Seventy-five years ago, on the morning of December 7th, 1941, the Japanese attacked the U.S. naval base at Pearl Harbor in the Hawaii Territory. In President Roosevelt’s address to Congress asking for a declaration of war, he called it a “day which will live in infamy.”

The Japanese hoped that the 184 aircraft in their first wave of attack would strike a paralyzing blow. They hit 24 American warships, including eight battleships (four of which sunk), destroyed several hundred aircraft, and killed 2,403 people. The blow, however, was far from paralyzing.

The attack has been called the worst military disaster ever suffered by the U.S. But political scientist John Mueller argues that, militarily, the attack was more of “an inconvenience than a catastrophe” for the U.S. He echoes the Navy Department’s official analysis: the attack only “temporarily disabled every battleship and most of the aircraft,” most of which were soon back in service or replaced many times over. Six of the eight damaged battleships actually saw service again. Only two ships hit at Pearl were complete losses.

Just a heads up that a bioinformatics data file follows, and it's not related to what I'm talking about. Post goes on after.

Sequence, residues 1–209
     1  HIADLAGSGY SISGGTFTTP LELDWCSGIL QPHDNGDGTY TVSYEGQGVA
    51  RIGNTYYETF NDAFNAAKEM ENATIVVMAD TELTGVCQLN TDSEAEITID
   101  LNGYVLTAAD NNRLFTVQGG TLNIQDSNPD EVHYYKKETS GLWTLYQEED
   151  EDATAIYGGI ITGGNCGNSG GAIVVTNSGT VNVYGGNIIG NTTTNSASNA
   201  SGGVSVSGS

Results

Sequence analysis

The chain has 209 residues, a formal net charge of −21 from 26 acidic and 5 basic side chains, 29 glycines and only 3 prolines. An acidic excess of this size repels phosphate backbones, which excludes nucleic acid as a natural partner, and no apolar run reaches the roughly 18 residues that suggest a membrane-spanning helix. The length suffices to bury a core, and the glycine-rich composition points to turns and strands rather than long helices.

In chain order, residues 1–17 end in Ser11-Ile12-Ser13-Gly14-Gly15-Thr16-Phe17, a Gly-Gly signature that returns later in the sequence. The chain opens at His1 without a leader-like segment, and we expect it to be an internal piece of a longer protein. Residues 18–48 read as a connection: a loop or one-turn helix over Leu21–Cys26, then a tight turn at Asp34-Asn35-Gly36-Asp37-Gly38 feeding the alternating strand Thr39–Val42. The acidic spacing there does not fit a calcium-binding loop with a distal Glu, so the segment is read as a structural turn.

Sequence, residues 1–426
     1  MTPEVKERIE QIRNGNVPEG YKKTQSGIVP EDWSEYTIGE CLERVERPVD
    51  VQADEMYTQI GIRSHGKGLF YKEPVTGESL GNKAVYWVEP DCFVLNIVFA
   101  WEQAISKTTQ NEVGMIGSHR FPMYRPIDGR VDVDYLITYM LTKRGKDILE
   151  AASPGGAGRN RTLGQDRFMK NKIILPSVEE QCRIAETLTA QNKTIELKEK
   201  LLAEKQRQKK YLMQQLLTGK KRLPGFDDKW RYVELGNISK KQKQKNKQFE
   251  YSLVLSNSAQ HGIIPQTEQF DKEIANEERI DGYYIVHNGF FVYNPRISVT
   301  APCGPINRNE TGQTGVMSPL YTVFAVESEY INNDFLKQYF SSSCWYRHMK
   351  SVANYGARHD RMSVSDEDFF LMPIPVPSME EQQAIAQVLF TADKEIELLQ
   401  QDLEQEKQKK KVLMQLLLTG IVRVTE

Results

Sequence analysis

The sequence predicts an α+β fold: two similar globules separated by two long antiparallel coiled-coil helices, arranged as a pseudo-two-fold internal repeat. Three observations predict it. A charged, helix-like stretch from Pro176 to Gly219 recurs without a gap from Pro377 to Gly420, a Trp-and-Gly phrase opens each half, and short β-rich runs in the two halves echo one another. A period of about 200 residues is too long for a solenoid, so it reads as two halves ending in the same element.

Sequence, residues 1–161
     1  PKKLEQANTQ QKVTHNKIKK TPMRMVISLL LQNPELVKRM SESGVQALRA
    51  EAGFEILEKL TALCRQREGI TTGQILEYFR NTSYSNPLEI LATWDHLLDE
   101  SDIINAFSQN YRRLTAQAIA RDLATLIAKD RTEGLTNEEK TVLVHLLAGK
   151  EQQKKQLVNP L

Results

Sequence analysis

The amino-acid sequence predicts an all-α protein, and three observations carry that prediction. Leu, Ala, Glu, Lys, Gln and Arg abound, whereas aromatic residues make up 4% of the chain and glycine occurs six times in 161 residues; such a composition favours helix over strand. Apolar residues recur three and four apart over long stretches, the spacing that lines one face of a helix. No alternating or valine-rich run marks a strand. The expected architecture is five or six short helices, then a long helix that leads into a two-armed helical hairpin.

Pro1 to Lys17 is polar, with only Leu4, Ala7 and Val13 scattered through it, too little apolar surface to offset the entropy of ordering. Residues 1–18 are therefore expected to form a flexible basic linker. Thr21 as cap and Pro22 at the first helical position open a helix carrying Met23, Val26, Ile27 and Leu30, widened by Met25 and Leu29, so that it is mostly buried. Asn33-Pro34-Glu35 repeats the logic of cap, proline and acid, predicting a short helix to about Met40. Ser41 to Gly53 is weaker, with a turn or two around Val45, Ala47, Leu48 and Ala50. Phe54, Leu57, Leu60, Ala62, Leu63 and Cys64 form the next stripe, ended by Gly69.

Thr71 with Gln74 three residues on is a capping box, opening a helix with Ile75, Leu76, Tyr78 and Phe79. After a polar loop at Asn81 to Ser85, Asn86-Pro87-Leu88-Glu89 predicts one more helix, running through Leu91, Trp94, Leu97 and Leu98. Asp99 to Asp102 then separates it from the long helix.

The salvaged battleships—the youngest was 20 years old—mattered little in context of the unprecedented American industrial-military expansion unleashed by the war. Superior replacements in great numbers soon flooded the Pacific, where aircraft carriers were becoming infinitely more important than battleships in the new era of naval warfare. For airplanes, the situation was similar: in 1942, the U.S. produced 47,836 military aircraft, compared to Japan’s 8,86l.

The Japanese utterly failed to cripple the American navy. Some have argued that the attack was engineered to gain time for the simultaneous Japanese attacks on U.S. bases on the Philippines, Guam, and Wake, as well as on the British positions in Malaya, Singapore, and Honk Kong. Mueller and others respond that the U.S. was in no way prepared to fight those battles yet.

Admiral Chester W. Nimitz, appointed chief of the Pacific Fleet just weeks after the attack, would later thank God that the antique fleet had been in Pearl Harbor rather on the open sea confronting a modern Japanese fleet. He felt the losses would have been far greater in those circumstances.

Mueller does go on to argue that “disaster” is a fitting word to describe Pearl Harbor if you look at the strategic and political consequences. It was certainly a monumental disaster for Imperial Japan. As an attempt to defeat the will of the American people, the attack “was phenomenally successful in its shock effect, but the shock was exactly the opposite the Japanese hoped for.”

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International Security, Vol. 16, No. 3 (Winter, 1991-1992), pp. 172-203
The MIT Press